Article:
We have all been there, buying something and then almost immediately (or somewhat down the line) regretting it. We’ve asked our advisers to share their biggest learning lessons and money mistakes. Most of them involve cars.
As we know, money mistakes can be expensive, and can tie into mental health (sometimes in a really negative way).
I purchased a mean as Subaru Legacy Wagon when I was younger. Spare of the moment purchase. First time I had received a lump sum of cash before. Mum tried to convince me otherwise. Mum told me to get a vehicle inspection. She said even for peace of mind. Mums always know best! But did I listen? Nope!! Result = A piece of sh** that sounded cool, but cost me an arm and a leg in maintenance over the course of a year. Such a waste of money!
Got my first credit card (AMEX) at 20 years of age after an AMEX rep came through the workplace I worked at at the time so thought it was a great idea. $5,000 limit and I thought I was god. Straight to Real Groovy to max this out on CD and music merch. Carried this debt for 3 years after I couldn’t pay it off. In the end my mum paid this off for me without telling me after she had seen a letter come through the mail with a PAY NOW notice. Lesson? Change postal address when you move!!
Not paying my credit card in full each month.. extra interest was a killer. As soon as I got paid I would waste the money on silly purchases and then have next to nothing leftover until next pay day (fortnightly pays). Also, not saving LOL.
Not saving for a house from the day started working. Not getting into the property market sooner.
I purchased a Toyota Mark 2 1997 model with 1JZ engine black in colour when we moved to NZ. It was my first time owning a car under my name and I felt proud of it, good thing it was bought cash out as the owner was in a hurry to sell it, and no checks were done as the deal was so good that I didn’t want to miss out on it. Organised insurance also. Got the car home, parents were not happy but mentioned if something goes wrong it’s my responsibility. Unfortunately, never thought of mechanical insurance and YES transmission dies on it after 6 months and to get it fixed was a nightmare. So, it was in the garage for a couple of months before I sold it as it is. Lesson learned: always do due diligence checks and have Mechanical Warranty. Now whatever car we have at home all of them have mechanical warranty regardless which year it is. (and encourage all my friends and families to have mechanical warranty)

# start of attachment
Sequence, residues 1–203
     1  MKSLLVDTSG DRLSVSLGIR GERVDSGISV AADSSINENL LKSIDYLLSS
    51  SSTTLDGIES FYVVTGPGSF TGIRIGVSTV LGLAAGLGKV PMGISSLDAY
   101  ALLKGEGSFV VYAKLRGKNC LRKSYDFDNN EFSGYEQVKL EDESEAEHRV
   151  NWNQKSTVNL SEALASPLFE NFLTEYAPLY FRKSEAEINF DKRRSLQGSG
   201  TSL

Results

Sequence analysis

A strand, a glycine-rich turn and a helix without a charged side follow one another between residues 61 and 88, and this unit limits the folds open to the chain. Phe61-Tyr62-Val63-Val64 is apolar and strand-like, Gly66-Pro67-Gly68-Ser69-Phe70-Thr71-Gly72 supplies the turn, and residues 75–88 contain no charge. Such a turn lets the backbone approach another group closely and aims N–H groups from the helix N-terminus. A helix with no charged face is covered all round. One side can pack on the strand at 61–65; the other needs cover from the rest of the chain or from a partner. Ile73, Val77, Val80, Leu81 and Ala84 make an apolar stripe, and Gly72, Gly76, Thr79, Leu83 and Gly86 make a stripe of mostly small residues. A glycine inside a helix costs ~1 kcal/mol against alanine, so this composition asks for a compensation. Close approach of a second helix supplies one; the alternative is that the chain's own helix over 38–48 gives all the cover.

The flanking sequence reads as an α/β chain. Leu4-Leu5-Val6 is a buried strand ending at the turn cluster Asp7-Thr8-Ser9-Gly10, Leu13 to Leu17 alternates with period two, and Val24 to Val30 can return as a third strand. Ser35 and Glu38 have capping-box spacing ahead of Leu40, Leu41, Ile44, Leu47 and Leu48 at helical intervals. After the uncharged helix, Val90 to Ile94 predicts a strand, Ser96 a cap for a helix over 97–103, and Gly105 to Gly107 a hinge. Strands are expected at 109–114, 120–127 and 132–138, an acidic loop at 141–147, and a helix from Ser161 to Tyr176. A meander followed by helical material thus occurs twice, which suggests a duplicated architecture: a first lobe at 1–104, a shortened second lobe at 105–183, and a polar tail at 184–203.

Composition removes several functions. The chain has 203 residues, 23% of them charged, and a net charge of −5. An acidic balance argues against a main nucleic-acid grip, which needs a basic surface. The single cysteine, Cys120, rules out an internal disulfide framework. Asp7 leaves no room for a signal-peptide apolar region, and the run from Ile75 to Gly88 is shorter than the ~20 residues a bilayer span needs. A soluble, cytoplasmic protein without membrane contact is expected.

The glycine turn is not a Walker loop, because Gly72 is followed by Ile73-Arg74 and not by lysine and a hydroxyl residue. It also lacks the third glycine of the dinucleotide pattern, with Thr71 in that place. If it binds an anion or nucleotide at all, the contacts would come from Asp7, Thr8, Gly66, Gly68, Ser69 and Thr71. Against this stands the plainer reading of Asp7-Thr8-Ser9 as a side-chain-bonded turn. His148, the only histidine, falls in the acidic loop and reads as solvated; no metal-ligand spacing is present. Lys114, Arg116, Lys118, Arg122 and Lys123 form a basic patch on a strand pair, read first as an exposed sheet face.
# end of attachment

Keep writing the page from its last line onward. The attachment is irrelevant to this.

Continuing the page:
Taking advice from the wrong people and not buying a property at the beginning of 2020 because ‘the property market was going to crash”
I went through a phase of buying clothes that I thought I liked online, but never really sat right on me. Ended up missing out on vital returns times, so just gave them away. So sad, they looked so good on the model 🙁
Buying products that I don’t use or aren’t right, they just get thrown out or given away.
See? We’ve all been there, from the marketing team, the senior financial advisers, to our loan writers. No matter the age and stage of your journey we got you, because we’ve been there before. Chat to one of us before you get into anything too deep!